The failure to comply with the terms of the employment agreement meant that Nazareth was unable to rely on the trial period to justify its decision to terminate Mr Roach’s employment.

Unjustifiable dismissal

Given the trial period was unable to be relied on, Nazareth was required to show that the decision to terminate Mr Roach’s employment was both procedurally fair, and substantively justified.

Mr Roach was called into a meeting without warning and was told that his employment would be terminated during the meeting. He was otherwise unaware that his employment was in jeopardy. The deficiencies in the process were found to be significant. The Court found that any factors suggesting a possibility that Mr Roach may have been dismissed in the future were trivial. As such, there was no substantive justification for the dismissal.

Mr Roach was found to have been unjustifiably dismissed and was entitled to remedies.


Mr Roach received a total of 12 months’ lost remuneration ($115,000) plus interest due to his difficulties in finding new employment (he had unsuccessfully applied for 97 positions), compensation for humiliation, loss of dignity and injury to feelings in the sum of $25,000 and legal costs. These remedies are reflective of the general upward trend in remedies awarded we have witnessed recently.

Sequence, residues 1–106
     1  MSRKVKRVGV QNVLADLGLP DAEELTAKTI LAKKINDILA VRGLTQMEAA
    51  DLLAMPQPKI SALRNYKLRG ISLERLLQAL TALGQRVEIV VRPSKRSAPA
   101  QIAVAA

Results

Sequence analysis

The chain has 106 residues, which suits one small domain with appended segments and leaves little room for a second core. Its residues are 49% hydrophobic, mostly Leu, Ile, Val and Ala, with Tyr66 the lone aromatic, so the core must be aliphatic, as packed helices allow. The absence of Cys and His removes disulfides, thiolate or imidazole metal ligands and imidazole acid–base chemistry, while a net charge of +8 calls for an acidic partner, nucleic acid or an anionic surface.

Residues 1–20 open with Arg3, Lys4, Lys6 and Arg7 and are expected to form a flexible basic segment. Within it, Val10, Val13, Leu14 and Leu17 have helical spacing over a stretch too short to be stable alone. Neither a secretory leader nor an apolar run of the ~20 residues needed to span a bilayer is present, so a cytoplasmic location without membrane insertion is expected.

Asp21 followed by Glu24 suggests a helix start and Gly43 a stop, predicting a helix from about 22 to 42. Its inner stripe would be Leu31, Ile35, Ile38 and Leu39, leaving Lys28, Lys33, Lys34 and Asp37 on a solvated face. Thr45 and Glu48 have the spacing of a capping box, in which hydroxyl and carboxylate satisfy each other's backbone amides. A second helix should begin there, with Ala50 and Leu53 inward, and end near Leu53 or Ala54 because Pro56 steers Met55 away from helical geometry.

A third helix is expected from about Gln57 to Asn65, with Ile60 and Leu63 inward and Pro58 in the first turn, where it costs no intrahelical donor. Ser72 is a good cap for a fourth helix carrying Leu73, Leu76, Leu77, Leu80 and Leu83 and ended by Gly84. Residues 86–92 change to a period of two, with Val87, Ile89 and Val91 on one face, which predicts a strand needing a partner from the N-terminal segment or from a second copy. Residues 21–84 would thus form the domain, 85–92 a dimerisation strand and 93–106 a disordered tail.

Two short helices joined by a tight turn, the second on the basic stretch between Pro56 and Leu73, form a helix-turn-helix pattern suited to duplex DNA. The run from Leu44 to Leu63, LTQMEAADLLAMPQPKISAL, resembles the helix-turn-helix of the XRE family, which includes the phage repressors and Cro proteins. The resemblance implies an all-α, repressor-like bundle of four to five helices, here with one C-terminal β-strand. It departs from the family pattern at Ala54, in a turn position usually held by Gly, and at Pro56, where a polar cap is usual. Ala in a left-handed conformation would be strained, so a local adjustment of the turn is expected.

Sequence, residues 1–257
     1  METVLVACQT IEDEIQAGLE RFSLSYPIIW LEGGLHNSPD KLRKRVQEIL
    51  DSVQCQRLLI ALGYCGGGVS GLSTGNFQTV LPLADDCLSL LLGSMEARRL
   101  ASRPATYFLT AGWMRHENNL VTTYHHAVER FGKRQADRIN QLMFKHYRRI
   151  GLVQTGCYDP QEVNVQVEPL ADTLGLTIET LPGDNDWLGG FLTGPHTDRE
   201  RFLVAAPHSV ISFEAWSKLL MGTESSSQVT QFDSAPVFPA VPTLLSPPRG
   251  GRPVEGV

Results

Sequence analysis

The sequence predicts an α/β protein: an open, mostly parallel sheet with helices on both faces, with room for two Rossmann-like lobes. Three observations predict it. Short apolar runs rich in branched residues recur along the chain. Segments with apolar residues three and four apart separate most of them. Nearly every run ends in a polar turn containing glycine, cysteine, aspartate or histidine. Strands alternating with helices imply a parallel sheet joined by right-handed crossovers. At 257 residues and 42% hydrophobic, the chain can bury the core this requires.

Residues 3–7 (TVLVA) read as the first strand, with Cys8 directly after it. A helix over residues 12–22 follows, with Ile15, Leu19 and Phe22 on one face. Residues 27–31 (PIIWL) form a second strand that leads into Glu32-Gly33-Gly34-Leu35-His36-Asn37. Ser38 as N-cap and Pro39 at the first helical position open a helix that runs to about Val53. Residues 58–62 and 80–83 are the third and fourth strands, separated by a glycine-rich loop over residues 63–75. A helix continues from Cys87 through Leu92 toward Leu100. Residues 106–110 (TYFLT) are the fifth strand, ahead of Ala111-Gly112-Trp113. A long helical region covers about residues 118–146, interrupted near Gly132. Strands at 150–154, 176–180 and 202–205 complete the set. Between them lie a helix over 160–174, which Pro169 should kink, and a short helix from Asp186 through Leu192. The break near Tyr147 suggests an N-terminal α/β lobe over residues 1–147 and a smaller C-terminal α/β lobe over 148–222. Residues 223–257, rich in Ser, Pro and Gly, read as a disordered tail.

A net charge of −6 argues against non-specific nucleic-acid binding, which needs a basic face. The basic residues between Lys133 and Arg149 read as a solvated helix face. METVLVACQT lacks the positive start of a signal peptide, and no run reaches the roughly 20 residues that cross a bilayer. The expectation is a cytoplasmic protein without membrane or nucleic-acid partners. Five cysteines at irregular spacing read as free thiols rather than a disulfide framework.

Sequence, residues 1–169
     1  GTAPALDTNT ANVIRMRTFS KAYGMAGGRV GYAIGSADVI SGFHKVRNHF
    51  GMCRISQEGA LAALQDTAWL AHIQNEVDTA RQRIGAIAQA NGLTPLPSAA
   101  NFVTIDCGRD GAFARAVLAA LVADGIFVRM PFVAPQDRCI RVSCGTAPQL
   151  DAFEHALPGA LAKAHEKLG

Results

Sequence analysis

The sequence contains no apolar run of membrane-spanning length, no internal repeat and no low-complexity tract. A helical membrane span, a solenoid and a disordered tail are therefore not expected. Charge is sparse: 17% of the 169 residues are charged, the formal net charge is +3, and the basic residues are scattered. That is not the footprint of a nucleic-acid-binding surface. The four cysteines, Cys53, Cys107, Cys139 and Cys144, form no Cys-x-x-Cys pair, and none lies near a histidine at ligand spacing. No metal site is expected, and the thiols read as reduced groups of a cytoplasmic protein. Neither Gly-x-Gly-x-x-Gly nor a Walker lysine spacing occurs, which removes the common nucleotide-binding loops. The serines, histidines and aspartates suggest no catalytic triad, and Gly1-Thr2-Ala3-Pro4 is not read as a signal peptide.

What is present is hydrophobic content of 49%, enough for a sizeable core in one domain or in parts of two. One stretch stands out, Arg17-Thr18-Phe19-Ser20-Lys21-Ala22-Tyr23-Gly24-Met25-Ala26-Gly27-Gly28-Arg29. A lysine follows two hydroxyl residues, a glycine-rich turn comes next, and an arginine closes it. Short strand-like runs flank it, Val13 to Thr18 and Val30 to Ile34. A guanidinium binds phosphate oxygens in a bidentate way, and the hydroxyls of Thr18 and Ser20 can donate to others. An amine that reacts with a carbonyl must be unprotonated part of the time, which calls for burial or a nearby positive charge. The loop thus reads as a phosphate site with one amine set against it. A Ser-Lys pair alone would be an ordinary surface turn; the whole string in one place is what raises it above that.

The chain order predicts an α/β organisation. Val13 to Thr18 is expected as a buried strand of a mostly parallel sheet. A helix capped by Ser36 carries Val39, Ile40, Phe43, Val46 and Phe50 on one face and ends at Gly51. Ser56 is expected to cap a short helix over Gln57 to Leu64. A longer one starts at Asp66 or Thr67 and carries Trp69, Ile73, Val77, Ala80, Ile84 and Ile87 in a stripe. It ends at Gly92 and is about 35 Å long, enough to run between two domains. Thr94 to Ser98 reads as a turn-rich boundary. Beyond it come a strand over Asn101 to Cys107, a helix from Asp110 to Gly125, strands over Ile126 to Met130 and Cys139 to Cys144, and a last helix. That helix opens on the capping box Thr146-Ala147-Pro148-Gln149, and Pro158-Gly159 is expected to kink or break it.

Key points for employers

  1. A trial period does not begin to run until the employee has commenced actual work for the employer. If an employee has previously been employed (see discussion above) the employee’s employment cannot lawfully contain a trial period provision.
  2. Payment in lieu of notice and payment in lieu of working a period of notice are not the same thing. Payment in lieu of notice is unlawful when providing notice pursuant to a trial period. The case law is unclear on whether payment in lieu of working a period of notice is lawful when giving notice pursuant to a trial period. We suggest employers err on the side of caution and give the notice specified in the relevant employment agreement and have the employee work out that period of notice.
  3. A trial period allows an employer to circumvent the usual fair and reasonable process required by the Act when terminating an employee’s employment. This means that in almost all cases where a trial period is relied on, but is later found to be invalid, the process will be found to have been flawed and therefore will expose the employer to the risk of a personal grievance. It is therefore crucial that employers consider whether they are able to rely on a trial period before doing so.

This case illustrates the narrow interpretation and application of trial periods by the employment institutions. Anything less than absolute legislative and contractual compliance is likely to render a trial period invalid.

The remedies awarded in this case follow in the wake of significant recent case law that has seen an increased willingness by the employment institutions to invoke their discretion to impose lost wage awards as they see fit pursuant to s 128(3) of the Act, and to make comparatively greater compensatory awards for the humiliation, loss of dignity and injury to feelings suffered by employees in personal grievance cases.

Given the quantum of remedies available to employees in personal grievance cases, and the relative ease in which an employer can inadvertently fail to adhere to the legislative and contractual requirements of a trial period provision, we strongly suggest that an employer seeking to rely a trial period takes legal advice before doing so.